Friday, January 6, 2023

Cash Withdrawals from Government Accounts to be banned in Nigeria

Nigeria will ban cash withdrawals from government accounts from March 1.

Modibbo Tukur, the chief executive of the Nigerian Financial Intelligence Unit (NFIU) said the move was part of efforts to tackle money laundering, according to a Thursday (Jan. 5) Bloomberg report.

“On March 1, if there is a cash withdrawal from a government account, even if it is one naira, we are going to trigger off money laundering and corruption investigations,” he told reporters in Abuja.

In recent months, Nigeria has been taking a hard line on cash transactions as it attempts to digitize its economy.

The government has imposed strict limits on cash withdrawals at ATMs, which will come into effect on Monday (Jan. 9). From then, individuals will be limited to withdrawing 20,000 naira ($44.49) daily, down from the current limit of 150,000 naira ($333.68).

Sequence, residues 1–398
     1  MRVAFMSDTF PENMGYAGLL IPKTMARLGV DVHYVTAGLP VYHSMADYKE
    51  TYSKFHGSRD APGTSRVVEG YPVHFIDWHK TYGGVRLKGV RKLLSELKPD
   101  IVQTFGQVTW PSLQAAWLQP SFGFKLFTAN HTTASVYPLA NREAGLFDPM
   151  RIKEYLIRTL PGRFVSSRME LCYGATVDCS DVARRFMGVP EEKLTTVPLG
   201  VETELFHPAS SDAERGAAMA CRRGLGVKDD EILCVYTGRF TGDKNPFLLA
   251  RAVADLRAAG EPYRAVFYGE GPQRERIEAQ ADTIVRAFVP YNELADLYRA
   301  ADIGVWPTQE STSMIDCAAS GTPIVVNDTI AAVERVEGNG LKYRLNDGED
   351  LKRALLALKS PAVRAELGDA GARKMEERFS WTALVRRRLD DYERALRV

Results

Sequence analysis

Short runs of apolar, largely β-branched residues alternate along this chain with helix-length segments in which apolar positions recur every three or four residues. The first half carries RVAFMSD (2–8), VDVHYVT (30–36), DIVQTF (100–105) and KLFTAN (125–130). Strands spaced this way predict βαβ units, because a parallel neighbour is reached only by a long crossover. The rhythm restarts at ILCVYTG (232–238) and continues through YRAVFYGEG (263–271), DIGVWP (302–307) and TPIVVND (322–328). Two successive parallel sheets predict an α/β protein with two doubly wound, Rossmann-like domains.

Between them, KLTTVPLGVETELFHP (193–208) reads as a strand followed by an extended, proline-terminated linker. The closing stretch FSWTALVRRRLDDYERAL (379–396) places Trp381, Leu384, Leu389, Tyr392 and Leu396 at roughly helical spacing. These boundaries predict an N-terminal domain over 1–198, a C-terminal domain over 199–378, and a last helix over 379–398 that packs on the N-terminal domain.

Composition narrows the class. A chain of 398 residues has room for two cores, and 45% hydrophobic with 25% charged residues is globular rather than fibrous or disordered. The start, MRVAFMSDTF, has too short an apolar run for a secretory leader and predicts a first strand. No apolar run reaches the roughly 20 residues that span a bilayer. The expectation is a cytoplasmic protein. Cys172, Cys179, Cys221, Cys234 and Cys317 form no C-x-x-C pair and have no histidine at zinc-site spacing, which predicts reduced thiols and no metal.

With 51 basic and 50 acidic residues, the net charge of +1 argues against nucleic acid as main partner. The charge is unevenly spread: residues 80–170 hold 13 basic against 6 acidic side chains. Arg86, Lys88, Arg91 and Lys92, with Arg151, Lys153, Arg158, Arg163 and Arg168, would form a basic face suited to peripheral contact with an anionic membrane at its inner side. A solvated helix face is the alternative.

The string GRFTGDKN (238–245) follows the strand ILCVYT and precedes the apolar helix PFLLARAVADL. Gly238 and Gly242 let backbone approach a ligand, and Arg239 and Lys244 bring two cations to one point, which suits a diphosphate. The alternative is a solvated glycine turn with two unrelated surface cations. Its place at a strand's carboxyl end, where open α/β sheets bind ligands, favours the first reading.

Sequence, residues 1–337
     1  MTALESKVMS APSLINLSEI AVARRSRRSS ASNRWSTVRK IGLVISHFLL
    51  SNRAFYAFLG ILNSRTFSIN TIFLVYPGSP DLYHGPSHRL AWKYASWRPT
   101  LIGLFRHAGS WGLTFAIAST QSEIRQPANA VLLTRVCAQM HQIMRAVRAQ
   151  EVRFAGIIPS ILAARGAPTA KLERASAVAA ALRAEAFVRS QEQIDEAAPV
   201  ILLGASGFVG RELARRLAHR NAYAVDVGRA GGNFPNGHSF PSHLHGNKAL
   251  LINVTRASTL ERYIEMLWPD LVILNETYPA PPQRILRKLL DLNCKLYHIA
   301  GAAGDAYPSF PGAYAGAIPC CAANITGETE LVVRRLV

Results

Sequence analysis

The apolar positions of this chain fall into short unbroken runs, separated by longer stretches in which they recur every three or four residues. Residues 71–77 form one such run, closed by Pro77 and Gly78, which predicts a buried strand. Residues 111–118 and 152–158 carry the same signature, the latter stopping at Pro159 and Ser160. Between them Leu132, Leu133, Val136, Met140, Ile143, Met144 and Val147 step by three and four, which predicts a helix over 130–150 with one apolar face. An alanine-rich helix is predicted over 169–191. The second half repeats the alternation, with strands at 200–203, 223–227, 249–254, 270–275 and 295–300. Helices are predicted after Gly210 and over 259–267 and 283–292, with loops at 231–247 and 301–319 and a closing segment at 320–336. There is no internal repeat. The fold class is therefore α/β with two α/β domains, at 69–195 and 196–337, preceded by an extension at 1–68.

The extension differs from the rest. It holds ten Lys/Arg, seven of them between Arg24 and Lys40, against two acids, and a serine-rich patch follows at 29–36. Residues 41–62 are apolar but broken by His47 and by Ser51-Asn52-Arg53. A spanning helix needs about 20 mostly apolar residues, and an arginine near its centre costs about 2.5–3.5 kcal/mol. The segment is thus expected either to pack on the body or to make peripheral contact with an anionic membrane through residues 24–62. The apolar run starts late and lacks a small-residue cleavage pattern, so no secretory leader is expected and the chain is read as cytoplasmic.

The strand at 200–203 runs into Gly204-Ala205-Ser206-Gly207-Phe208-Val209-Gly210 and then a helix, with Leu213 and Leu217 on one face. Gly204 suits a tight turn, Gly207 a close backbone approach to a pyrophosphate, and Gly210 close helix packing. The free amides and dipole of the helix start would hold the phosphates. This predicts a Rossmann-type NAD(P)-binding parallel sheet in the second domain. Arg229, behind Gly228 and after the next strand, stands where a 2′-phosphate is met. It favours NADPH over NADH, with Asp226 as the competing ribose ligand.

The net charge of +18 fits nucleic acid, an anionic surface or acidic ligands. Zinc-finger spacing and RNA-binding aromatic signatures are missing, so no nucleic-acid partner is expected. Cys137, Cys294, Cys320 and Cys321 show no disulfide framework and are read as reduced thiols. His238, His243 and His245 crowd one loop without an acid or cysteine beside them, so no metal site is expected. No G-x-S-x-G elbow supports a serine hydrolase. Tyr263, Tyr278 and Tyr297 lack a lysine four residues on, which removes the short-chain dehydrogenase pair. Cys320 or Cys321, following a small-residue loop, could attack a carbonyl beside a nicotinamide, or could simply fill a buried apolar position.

The country is also in the process of removing old banknotes from circulation by the end of the month.

Championed by the governor of the Central Bank of Nigeria (CBN), Godwin Emefiele, the Naira redesign has been proposed as a way to prevent people from hoarding cash for illicit purposes and as a means of controlling inflation. However, the policy has divided opinion.

Two days after the CBN announced the redesign in October, the naira suffered a historic crash, following what has already been a turbulent year for the currency. Shortly after that, the International Monetary Fund (IMF) urged caution as the central bank implements the policy.

With nearly every political party taking a stance on the issue and Nigeria about to kick off its election season, the role of cash in the economy has become a hot political topic.

Proponents of the central bank’s efforts to reduce the weight of the cash economy say it is necessary to tackle corruption and stabilize the naira’s value on foreign exchange markets.

Critics, on the other hand, argue that the current approach is too aggressive and disproportionately affects small businesses and society’s poorest, who are most reliant on a functioning cash system and don’t necessarily have access to alternative means of payment.


Related stories: New bank note launched in Nigeria to help curb corruption

Video - New currency in Nigeria to affect small businesses according to World Bank

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